Court only gives "lip service" to economic reality test in deciding PIP priority
Dragen Perkovic was hurt in an accident returning from Utah while operating his semitractor in interstate trucking. The vehicle and trailer shared at least two separate insurance policies and Perkovic had a no fault policy on his non-commercial vehicle, yet in the end, Perkovic had to initiate his PIP benefits through the Assigned Claims Fund as the various insurers avoided taking responsibility. Ultimately, Hudson Insurance Company was deemed responsible by the trial court, however, that decision was over-turned in the Court of Appeals.
In the process of reversing the case, the Court was required to decide whether Perkovic was an independent contractor or an employee of the company for whom he delivered airbags manufactured in Utah, E.L. Hollingworth. In a typical Christopher M. Murray opinion, the Court gave only superficial recognition to the "economic reality" test intended to help determine whether a purported "independent contractor" is really an employee.
The Court's opinion decided the issue in one paragraph, making sweeping declarations such as "with regard to factor three, the right to hire, fire and discipline, the Operating Agreement [imposed on Perkovic] provides that it is terminable by either party." The Court did not mention whether Perkovic enjoyed the right to hire himself, or whether he was subject to discipline or retained the right to impose discipline. Literally, the Court relied on the fact that Perkovic was obligated to perform repairs on the semi and could theoretically reject loads, and that he had the theoretical right to select "means and methods of transportation ...and routes", the fact that Hollingsworth did not withold taxes or pay workers compensation, and the fact that they had a "common goal," to rule that Perkovic was not an employee--despite the facts that he worked for only one company that set his schedule and imposed strict conditions on his operation.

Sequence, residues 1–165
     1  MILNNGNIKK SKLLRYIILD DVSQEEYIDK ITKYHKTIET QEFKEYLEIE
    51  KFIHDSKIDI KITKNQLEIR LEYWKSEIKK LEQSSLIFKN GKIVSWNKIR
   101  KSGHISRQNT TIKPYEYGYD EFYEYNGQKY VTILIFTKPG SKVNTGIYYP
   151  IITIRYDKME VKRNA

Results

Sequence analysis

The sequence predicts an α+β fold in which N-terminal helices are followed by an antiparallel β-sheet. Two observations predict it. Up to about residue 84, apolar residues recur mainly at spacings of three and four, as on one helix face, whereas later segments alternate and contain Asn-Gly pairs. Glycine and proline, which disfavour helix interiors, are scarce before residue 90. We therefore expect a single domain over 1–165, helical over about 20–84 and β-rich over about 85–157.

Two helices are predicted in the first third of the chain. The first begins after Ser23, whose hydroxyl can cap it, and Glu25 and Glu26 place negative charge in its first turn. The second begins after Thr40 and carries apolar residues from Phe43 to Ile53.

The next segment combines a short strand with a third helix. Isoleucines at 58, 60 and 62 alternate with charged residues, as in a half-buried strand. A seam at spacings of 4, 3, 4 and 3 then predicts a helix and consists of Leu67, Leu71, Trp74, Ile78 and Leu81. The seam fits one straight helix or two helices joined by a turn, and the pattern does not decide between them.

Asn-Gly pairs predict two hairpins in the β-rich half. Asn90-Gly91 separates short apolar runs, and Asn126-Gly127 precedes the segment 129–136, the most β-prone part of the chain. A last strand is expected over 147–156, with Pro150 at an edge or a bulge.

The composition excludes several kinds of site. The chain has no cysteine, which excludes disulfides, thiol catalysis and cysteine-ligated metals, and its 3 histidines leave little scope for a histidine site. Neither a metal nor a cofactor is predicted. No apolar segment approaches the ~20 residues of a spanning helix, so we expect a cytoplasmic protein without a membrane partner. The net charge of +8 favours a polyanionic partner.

Perhaps Perkovic was truly an "independent contractor," but this opinion certainly didn't justify that finding. Using various cost-saving measures imposed by the employer and the theoretical "arms' length" terms of a contract imposed by the employer, combined with superficial analysis, to eliminate legal employment protections is just plain wrong. In this case, it merely shifts the burden of insurance from the employer to the owner of the vehicle [Perkovic], however, in many cases, it denies basic employment rights to hard-working people who lack bargaining power.